Developing a national human settlement layer

February 6th, 2015, Published in Articles: PositionIT, Featured: PositionIT


Updated information on human settlements is crucial for spatial planning, environmental and disaster management, as well as sustainable service delivery and infrastructure development. This article describes the development of a South African human settlements product that will assist in decision making for various applications.

The South African National Space Agency (SANSA) is a public entity whose mandate is to provide for the promotion and use of space and cooperation in space-related activities, foster research in space science, advance scientific engineering through human capital, and support the creation of an environment conducive to industrial development in space technologies within the framework of national government policy.

Since 2012, SANSA has been working with the European Commission’s Joint Research Centre (JRC) towards development of South African human settlements products that will assist in decision making in various applications. JRC has developed an automatic image information extraction workflow that detects human settlements data using high resolution satellite imagery for the production of the Global Human Settlement Layer (GHSL). So far, the GHSL is the largest and most complete known experiment on automatic image information retrieval using high and very high remotely sensed image data input. This methodology has been successful in Europe, Southern America and other parts of the world.

Fig. 1: South African National Human Settlement Layer.

Fig. 1: South African National Human Settlement Layer.

Updated information on human settlements is crucial for spatial planning, environmental and disaster management, and sustainable service and infrastructure development. This trend can be seen mostly in the towns and cities of developing economies. According to World Health Organisation, an estimated 1,18% population growth is estimated annually in South Africa. Human settlement developments have impacts on the natural environment and affect the current services and infrastructure. Development of informal settlements due to unemployment and migration also increase the rate of human settlement developments in South Africa.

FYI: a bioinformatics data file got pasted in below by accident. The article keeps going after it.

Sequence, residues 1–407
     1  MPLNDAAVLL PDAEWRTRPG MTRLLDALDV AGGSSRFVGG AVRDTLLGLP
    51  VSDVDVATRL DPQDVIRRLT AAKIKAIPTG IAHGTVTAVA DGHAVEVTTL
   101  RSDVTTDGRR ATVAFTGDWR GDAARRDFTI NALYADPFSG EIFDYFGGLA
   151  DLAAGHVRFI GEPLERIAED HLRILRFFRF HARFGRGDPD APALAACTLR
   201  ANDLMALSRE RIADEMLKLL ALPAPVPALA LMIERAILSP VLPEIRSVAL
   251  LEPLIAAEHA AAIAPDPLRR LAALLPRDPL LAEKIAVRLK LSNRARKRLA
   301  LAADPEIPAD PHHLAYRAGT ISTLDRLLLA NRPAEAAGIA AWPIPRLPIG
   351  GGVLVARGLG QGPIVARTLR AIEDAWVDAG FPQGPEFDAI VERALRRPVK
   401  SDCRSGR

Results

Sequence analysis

Remote sensing offers a synoptic view that allows independent, fast, up-to-date, wide area and a relatively cost-effective way to monitor human settlement developments. Advances in remote sensing technology provide researchers with spatial and temporal resolutions suitable for changes in land cover and land use change assessment over time, enabling the mapping of human settlement development.

There are a number of human settlement initiatives in South Africa including the SPOT Building Count, Dwelling Frame, land cover/use and Human settlement mapping. Most of these initiatives rely on traditional manual digitisation and pixel based classifications which are time consuming and resource intensive. SANSA has been working towards automation of detection of human settlement to bridge the gaps that exist on the availability of updated, cost effective and consistent human settlement data required by decision makers in various aspects of planning and environmental management.

Data and methodology

Due to its availability in South Africa, and it spatial and spectral characteristics, SPOT 5 was selected as source imagery for this project. JRC and SANSA have been testing and customising the GHSL system on the SPOT 5 data acquired in 2012. SPOT 5 acquires imagery at both panchromatic and multispectral modes with 5 m and 10 m spatial resolution respectively. A 2,5 m panchromatic image is generated using two 5 m panchromatic bands acquired over the same area. The panchromatic and multispectral images are pan-sharpened to produce 2,5 m spatial resolution imagery with both the spatial and spectral properties of the original images. The spatially and spectrally improved pan-sharpened imagery is then used to detect human settlement structures. The GHSL system uses the spectral, textural and morphological properties of the objects to differentiate human settlement objects from other objects.


The first version of the South African National Human Settlement Layer has been processed (see Fig. 1). This layer shows the location of human settlement structures in the country. The results show that the customised GHLS is able to detect human settlement structures in South Africa. The GHSL system has proven to be a cost effective tool to map human settlement structures. Once the parameters are set, this system take less than a day to produce a national human settlement layer (1,2-million km2) using high performance workstations. Considering the current efforts on the development of human settlement data by public entities and government departments, this product can provide base information regarding human settlement location and development that will assist in monitoring, land demarcation, environmental management and service planning.

Contact Naledzani Mudau, SANSA, Tel 012 844-0384,

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